Most of all, utopias seek to demote and demystify sex, to knock it off its pedestal; in so doing, ironically, they make intractable the mystery of why something so common, so necessary, so essential, becomes so mythical, so elusive.

Beauvoir, Morrison and Gordimer on Sex

Simone de Beauvoir famously wrote that a conceptual inversion of the sexual act was possible: perhaps woman was not merely ‘penetrated’ or ‘entered into’ by man, perhaps she ‘enveloped’ or ‘engulfed’ him instead. Sex was not an ‘invasion’ of the woman, it was an active seeking out instead. The change in perspective engendered by considering what could be a woman’s understanding of the act was radical indeed, and experienced as such by many of those who read The Second Sex. I understood this shift at one intellectual level and did not at yet another.

Till I read Toni Morrison‘s Sula (Knopf, New York, 1973). In it, when Sula has sex with Ajax, she “stood wide-legged against the wall and pulled from his track-lean hips all the pleasure her thighs could hold.” (pp. 125)  Now, I understood a little better. Here again, was woman active, possessing sexual agency, not the passive receiver of sexual attention but the active dispenser of it. She did not have something ‘put inside her’, she ‘pulled’ it to herself, the limits of that exchange only demarcated by her own desire and ability. It’s been some twenty-two years since I first read that line, and I have never forgotten it, so suddenly did it come on me as I read Sula, and so distinctive was the reconfiguration of sexual politics that it forced upon me.

Here is another literary take on the conceptual revision that Beauvoir suggested. In The Late Bourgeois World (Penguin, New York, 1966), Nadine Gordimer‘s narrator Liz Van Den Sandt ruminates over an interesting dimension of her sexual relationship with Graham:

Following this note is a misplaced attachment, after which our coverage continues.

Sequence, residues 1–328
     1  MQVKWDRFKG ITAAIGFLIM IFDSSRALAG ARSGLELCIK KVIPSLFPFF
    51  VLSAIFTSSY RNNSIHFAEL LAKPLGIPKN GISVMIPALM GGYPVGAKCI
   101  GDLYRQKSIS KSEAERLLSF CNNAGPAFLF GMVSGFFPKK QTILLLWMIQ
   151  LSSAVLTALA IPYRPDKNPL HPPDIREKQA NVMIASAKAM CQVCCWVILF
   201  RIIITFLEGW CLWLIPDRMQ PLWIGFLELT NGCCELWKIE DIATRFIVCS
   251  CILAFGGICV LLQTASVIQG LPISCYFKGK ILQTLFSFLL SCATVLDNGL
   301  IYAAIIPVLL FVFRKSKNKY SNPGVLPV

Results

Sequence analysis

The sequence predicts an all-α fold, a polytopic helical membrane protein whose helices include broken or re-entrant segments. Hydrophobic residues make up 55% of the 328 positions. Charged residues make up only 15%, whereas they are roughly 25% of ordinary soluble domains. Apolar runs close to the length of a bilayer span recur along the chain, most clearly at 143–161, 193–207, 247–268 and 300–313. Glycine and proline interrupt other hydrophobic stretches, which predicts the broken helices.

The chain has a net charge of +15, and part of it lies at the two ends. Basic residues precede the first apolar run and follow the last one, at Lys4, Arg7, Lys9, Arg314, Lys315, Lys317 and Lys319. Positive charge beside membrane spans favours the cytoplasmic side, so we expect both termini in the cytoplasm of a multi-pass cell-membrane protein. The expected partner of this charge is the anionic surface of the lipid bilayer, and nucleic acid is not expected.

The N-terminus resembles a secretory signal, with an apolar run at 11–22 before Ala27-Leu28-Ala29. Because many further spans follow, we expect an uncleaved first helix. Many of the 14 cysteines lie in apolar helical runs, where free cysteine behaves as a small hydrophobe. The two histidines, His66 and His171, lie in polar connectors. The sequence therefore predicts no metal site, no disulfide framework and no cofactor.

Yet when he’s inside me–last night–there’s the strangest thing. He’s much better than someone my own age, he comes to me with a solid and majestic erection that will last as long as we choose. Sometimes he will be in me for an hour and I can put my hand on my belly and feel the blunt head, like a standard upheld, through my flesh. But while he fills me, while you’d think the last gap in me was closed for ever, while we lie there silent I get the feeling that I am the one who has drawn him up into my flesh, I am the one who holds him there, that I am the one who has him helpless. If I flex the muscles inside me, it’s as if I were throttling someone. He doesn’t speak; the suffering of pleasure shuts his eyes, the lids are tender without his glasses. And even when he brings about the climax for us–afterwards I am still holding him as if strangled; warm, thick, dead, inside. [pp. 37-38]

I suspect there are men who would find this description disconcerting–the more ‘sensitive’ among them might even be offended–and indeed, it was probably meant to be so. But hopefully, equally many men and women will find in this little passage echoes of the same species of altered perspective that Beauvoir urged us to adopt, and that Morrison so expertly captured and described.